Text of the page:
In today’s parenting climate, having kids is not for the faint of heart. Parents, especially moms, are pelted with advice and recommendations: a “good” mom stimulates her children constantly, taking them to museums and signing them up for character-broadening extracurricular activities. She reads all the current literature on parenting. And she takes primary responsibility for the care and feeding of said children because, as psychology professor Holly Schiffrin notes, “we are the most qualified and you can’t trust anyone else, even husbands, because they won’t do it as well as we do.”
It should go without saying that Schiffrin doesn’t necessarily believe that; she’s just summing up some women’s attitudes. But with the never-ending debate over how best to raise our children, it may be time to ask whether all this emphasis on “intense mothering” is making moms unhappy.
That’s exactly what Schiffrin and colleagues at the University of Mary Washington, in Fredericksburg, Va., did, looking at whether women who endorse what they call “intensive parenting” beliefs — namely that women parent better than men and that children, viewed as sacred and fulfilling, should rightly be the center of a woman’s world — struggle more with mental health.
Their conclusion? Women who insist “mother is best” are less satisfied with their lives.
There’s even a term for when intensive parenting results in amped-up stress and guilt: the parenthood paradox. And, undoubtedly, you’ve seen the much-scrutinized piece in the Atlantic musing about women “having it all.” All of it “is saying the way we’re parenting today is taking a toll on women,” says Schiffrin, a study co-author. “We need to find that happy medium — all things in moderation. Yes, you need to be involved with your kids, but the standard we’re holding ourselves to is probably unachievable.”
For their study, published recently in the Journal of Child and Family Studies, the researchers relied on a measure of intense mothering, which they developed. It included five categories: stimulation of the kids; the view that mother is best, which the researchers called “essentialism”; the belief that child-centered parenting is really different from two generations ago when children were to be seen and not heard; the idea that children are sacred and should bring joy and love to their parents; the premise that parenting is challenging and exhausting.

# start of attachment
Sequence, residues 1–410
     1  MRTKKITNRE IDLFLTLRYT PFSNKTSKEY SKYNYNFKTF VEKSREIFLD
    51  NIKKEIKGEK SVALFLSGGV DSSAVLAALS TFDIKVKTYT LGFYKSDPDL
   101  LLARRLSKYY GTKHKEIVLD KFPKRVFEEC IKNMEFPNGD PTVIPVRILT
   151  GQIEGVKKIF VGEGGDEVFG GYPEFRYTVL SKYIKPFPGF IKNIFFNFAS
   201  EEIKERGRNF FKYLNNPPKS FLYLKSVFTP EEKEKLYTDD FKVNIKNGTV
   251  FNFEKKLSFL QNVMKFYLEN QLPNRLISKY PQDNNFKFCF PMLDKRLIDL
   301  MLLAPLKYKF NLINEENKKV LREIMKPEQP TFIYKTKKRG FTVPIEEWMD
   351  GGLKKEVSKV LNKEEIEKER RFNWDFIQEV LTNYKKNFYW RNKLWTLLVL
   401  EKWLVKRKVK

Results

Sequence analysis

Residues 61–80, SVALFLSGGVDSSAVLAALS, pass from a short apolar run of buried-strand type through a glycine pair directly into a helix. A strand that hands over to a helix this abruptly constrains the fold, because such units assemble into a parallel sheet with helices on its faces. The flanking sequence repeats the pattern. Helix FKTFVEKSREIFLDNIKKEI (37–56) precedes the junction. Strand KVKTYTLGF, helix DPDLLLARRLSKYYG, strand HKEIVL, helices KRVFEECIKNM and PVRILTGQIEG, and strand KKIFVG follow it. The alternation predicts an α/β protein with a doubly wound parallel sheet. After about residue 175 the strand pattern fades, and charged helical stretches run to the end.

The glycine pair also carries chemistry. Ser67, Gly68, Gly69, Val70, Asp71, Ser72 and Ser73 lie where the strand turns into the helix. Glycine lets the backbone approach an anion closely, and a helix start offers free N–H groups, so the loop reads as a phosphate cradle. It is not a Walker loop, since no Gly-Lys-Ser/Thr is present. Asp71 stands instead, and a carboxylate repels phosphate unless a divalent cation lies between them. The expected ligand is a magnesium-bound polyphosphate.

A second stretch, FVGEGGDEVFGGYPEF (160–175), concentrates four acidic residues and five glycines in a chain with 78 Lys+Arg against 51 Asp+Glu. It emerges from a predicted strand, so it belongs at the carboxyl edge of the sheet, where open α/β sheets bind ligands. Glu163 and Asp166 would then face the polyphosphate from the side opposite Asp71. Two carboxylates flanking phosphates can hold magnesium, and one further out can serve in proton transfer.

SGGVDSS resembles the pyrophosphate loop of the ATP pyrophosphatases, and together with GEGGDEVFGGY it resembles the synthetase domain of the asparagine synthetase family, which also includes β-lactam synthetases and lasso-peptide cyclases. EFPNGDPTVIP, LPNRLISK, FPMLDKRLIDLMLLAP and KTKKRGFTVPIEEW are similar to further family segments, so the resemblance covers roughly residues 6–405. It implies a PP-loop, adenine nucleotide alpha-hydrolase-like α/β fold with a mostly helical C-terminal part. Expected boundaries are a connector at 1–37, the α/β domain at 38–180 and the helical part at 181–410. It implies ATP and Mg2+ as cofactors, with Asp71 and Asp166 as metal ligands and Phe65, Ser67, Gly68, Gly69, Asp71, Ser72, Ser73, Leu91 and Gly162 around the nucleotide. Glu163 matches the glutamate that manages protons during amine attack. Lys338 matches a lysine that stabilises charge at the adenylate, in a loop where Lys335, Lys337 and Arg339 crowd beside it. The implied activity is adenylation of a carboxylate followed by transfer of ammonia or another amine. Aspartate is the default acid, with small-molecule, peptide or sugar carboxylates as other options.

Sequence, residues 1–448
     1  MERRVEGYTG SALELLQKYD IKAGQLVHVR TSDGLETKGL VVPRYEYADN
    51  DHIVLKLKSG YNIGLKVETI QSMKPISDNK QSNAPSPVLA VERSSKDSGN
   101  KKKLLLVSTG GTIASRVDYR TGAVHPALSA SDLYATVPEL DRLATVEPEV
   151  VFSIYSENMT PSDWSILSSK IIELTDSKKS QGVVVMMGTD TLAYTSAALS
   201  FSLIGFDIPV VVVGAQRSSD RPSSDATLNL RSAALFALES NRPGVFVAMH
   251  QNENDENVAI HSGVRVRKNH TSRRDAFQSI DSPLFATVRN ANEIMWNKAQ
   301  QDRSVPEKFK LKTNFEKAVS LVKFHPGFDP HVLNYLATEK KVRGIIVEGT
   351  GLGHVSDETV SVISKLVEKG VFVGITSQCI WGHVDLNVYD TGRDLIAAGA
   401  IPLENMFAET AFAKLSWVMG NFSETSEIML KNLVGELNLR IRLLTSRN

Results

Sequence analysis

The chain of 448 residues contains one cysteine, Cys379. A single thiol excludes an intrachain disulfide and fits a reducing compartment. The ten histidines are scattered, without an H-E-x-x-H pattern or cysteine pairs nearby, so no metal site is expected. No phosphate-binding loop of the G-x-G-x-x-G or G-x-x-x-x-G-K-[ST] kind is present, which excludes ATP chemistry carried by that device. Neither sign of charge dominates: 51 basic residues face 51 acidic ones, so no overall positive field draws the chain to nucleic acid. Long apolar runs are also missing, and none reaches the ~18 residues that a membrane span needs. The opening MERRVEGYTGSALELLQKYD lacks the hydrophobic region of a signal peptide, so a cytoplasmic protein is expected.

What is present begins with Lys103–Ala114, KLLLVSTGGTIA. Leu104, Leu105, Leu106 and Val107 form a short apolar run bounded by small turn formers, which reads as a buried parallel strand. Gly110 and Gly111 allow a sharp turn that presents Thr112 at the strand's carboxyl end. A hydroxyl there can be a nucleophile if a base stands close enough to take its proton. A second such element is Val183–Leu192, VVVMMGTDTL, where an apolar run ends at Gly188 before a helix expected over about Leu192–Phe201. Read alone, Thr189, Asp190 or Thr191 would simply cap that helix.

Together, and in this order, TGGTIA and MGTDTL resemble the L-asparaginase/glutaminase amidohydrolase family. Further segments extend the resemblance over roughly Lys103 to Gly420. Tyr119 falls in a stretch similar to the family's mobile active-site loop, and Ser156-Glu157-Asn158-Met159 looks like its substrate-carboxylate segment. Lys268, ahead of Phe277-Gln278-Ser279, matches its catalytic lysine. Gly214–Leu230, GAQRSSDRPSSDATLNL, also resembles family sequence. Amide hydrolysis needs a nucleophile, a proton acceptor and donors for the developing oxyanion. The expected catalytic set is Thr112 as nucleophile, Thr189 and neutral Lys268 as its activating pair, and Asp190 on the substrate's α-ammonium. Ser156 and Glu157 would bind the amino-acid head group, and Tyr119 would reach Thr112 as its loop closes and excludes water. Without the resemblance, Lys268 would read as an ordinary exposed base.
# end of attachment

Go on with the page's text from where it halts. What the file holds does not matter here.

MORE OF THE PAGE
The researchers looked at 181 moms of kids age 5 and under, and asked them to fill out an Internet questionnaire measuring their opinions about intensive mothering. Even after controlling for social support — help from Grandma, for example — researchers found that intensive mothers were not as happy. Moms who believe parenting is challenging and requires expert knowledge and skills were more stressed and more depressed than moms who didn’t think an arsenal of expertise was mandatory.
Moms who think stimulation is necessary and that children are sacred did not show differences from other moms, which surprised Schiffrin. It could be because the “challenging” measure “tended to gobble up the other explanations,” she said.
It’s important to note that intensive mothering is not necessarily the province of stay-at-home moms. Whereas the stay-at-home contingent buys into the belief that they have to be hands-on, working moms tend to think that stimulation is paramount. “It’s quantity vs. quality,” says Schiffrin.
Truth be told, there’s likely some intensive mothering going on within all of us, at least to some degree. We talk about the importance of having downtime, yet we feel obliged to sign our kids up for a merry-go-round of basketball training–dance classes–piano lessons–chess club–sewing instruction because we’re convinced it’s good for them. And, quite possibly, because their friends are doing it and we don’t want our kids to miss out.
Yet, as author Judith Warner observed on Healthland’s partner blog Ideas, this concept of parenting as a competitive sport doesn’t apply to all socioeconomic brackets:
As Middlebury sociologist Margaret Nelson has written, parents of “lower educational and professional status” tend to have a very different style of interacting with their children — setting more “nonnegotiable limits” for example, investing a whole lot less in the cultivation of their children’s potentially limitless emotional and intellectual unfolding. This is not (just) because the lower-status women have different sorts of life demands pressing upon their time and other resources; it’s because they have a different idea of good motherhood, one that appears, perhaps, to offer some protection against the perfectionist misery of so many middle- or upper-middle-class moms.
It’s also worth reiterating that women who subscribe to this exhausting parenting philosophy — and their numbers are not few — do so because they believe it benefits their children. Next year, Schiffrin hopes to look at whether intensive mothering actually conveys advantages to kids. “A lot of research says children of depressed mothers don’t fare as well,” she says. “If this ideology is making us depressed, it may not benefit kids in the long run.”
After so much effort, wouldn’t that outcome be ironic?